Breadcrumbs

Sarah Brown

Kapa Haka - Te Matatini 2019

Key Info

Iwi:
Tuhoe, Ngāi Tai, Te Whakatohea

Qualification(s):
  • Bachelor of Social Sciences
  • Master of Social Sciences in Anthropology
Subject(s):
  • Anthropology
  • Māori and Pacific Development

Sarah Brown’s first stand for Kapa Haka was in the womb. “The first time I was ever on stage was when I was in my mum. It was in 1997 at the Hui Ahurei ā Tūhoe, the biannual tribal Kapa Haka and sports competition. I grew up to do the same Haka my mum did with me in her tummy.”

Sarah (Tuhoe, Ngāi Tai, Te Whakatohea) is a reserve with Ōpōtiki-Mai-Tawhiti. At 21, she is a Maori mentor and doing her masters degree at the University of Waikato.

After her very early introduction to the stage, she didn’t actually start doing Kapa Haka again until she was 12 and at intermediate school. “It was more of an identity thing. I had gone through Kōhanga Reo, and been fully immersed in te Reo Māori. Then I went to a mainstream school, and I lost a lot of my reo. Even though I was brought up on the marae, I still hadn’t kept it. I went to intermediate in Hamilton and I took one te Reo class, and the teacher insisted I do Kapa Haka. So I went, and I’ve never looked back. It’s a way for me to revitalize myself, my language and my culture.”

When Sarah was little, her mother would drag her along to all her big sister Kerry’s Kapa Haka practices.  “When she made it to her first nationals in Wellington, we all went along. Just seeing her on the stage was amazing. Kerry’s seven years older than me, and she is one of my Kapa Haka idols. In my first-ever campaign with Hamilton Girls High School they asked me who are you doing this for and why? I think I cried and said my sister.”

Who is your Kapa Haka idol?

Tiria Waitai, my sister Kerry Brown.

What is your favourite item of the bracket?

Whakaeke, and specifically if it is a haka. It makes a statement about your presence on the stage. It is the first big wero or challenge to the crowd and the judges. For example we’re going to be performing in Wellington, so our big challenge will be to Parliament.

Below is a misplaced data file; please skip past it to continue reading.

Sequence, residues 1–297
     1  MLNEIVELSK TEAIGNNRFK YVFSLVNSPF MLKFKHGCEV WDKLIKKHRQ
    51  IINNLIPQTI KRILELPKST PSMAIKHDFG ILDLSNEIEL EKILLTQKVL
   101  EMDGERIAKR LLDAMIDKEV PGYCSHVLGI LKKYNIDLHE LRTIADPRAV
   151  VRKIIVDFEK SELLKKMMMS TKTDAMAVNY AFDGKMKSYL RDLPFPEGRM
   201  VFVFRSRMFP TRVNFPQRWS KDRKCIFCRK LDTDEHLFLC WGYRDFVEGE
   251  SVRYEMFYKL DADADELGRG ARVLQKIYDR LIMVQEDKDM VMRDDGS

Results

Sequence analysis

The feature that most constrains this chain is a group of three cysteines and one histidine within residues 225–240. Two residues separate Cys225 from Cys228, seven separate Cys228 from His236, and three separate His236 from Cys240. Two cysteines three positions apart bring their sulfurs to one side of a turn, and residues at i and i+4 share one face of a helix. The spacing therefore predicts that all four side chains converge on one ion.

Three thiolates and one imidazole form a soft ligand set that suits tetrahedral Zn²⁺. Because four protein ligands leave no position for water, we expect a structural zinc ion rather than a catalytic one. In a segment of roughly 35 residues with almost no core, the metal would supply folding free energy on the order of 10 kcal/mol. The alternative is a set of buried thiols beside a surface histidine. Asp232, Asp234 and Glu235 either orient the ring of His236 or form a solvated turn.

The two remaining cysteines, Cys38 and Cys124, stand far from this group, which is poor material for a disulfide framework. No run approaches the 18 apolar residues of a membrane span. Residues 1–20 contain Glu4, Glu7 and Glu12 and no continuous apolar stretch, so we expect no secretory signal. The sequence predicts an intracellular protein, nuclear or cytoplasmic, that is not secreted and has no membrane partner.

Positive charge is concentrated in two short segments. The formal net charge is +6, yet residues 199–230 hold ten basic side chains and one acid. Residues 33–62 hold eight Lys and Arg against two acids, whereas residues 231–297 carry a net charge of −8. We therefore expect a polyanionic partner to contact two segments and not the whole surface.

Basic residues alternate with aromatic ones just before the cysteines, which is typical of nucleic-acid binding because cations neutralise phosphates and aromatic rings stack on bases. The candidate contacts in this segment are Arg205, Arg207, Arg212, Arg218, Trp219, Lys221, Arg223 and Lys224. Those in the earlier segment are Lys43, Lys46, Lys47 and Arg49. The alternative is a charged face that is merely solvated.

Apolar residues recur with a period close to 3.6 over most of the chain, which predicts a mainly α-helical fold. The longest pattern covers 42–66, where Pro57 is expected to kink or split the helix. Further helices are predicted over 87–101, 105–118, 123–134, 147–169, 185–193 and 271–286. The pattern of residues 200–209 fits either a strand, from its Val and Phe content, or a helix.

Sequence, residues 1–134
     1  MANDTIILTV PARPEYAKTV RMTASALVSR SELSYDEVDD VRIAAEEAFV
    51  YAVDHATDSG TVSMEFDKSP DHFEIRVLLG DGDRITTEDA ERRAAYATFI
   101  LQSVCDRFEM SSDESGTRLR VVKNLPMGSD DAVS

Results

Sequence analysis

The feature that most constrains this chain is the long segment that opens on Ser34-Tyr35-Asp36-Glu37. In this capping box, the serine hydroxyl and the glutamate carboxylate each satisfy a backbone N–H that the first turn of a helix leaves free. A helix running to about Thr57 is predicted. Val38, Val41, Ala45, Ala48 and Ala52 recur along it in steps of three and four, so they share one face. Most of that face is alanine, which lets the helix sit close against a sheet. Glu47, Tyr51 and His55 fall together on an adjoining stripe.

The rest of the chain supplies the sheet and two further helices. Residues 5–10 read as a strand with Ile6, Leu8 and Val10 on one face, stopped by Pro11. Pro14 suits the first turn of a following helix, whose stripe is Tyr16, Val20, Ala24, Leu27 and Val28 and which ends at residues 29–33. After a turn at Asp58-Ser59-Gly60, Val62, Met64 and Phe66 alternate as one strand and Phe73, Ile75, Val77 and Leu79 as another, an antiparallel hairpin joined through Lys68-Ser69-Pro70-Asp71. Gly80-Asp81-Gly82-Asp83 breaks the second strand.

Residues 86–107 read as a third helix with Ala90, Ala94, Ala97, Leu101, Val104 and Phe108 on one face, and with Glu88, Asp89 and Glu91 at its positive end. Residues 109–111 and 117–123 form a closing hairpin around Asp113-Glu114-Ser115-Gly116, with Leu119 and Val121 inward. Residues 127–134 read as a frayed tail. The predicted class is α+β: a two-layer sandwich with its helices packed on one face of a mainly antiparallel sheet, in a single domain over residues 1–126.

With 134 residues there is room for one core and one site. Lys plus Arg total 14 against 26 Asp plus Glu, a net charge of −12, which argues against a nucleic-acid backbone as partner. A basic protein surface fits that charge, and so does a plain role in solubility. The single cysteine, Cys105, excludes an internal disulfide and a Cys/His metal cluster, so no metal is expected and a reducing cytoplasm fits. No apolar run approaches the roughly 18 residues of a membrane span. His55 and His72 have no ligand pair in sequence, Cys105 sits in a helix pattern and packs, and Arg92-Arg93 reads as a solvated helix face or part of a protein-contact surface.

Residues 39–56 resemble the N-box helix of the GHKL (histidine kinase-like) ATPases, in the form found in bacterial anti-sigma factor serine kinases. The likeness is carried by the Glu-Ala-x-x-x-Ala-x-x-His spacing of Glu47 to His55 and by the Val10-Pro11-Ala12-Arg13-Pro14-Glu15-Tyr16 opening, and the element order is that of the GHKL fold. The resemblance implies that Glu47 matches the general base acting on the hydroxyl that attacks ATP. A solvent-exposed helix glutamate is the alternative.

What is one piece of advice you would give to a new student coming to UoW who does Kapa Haka?

For me when I joined the University of Waikato, Te Waiora was a big part of that. I came to University open days when I was at high school, and I saw Te Waiora and thought they were fantastic. Even though they were doing easy-going songs, they were all new to me, so I wanted to learn. They welcomed me with open arms. They also made me a lot more confident, being around other students who are involved in big Kapa Haka groups, who make it into the top nine, or make top three even. Te Waiora also helps out with your studies, holding onto your culture when you’re at University, and having a whānau away from home. I know a lot of students come to Waikato specifically for the whānau vibe. I come from down the East Coast, so coming up here and leaving my family really sucked, and I got homesick a lot, but Te Waiora really helped.

How do you keep Haka-fit?

The tutors always talk about it. You have to be Haka-fit if you want to make top nine, or get in the front row. For me it is about being physically fit, but also being fit in your mind: knowing your words, knowing the songs and the meaning behind every song that you sing, every word that you use. Otherwise if you don’t mean what you’re saying the crowd aren’t going to feel it. If you’ve ever been to a Kapa Haka competition, then you’ll know that even people who don’t know the language, they really feel it. If the people on stage really feel it, then you’ll get shivers down your spine, you might find yourself crying.

A lot of being Haka-fit  is being able to push yourself to your limits. Sometimes you get down, because you think you’re not going to make the team, there are so many better performers, or maybe I’m not doing well enough with poi, because poi is not my forté. It gets me down sometimes when the whole group has got the poi, but I have to go home and practise every single night to be at their level the next weekend.

Whakaeke is my favourite, but I love it so much I run out of steam by the end. So I need to keep myself mentally focused on my next song, my next move, it needs to be about this emotion, and I need to give it this much power, and use my entire body ─ you fully get exhausted! Four or five weeks out of competition you notice people’s bodies breaking down. They get colds and sore throats, and it’s not from all the singing, it’s the whole stress of it. So learning to manage that stress is really important. This year is the first year I’ve decided to get physically fit. I stopped drinking on the first of January, I aim to drop weight, and my brother is training me. Every week I feel better, and can keep up with everybody. And hopefully I will look really good on stage, because I want to be in prime condition. I want to be able to run across the stage, and do the full bracket at my full capacity.


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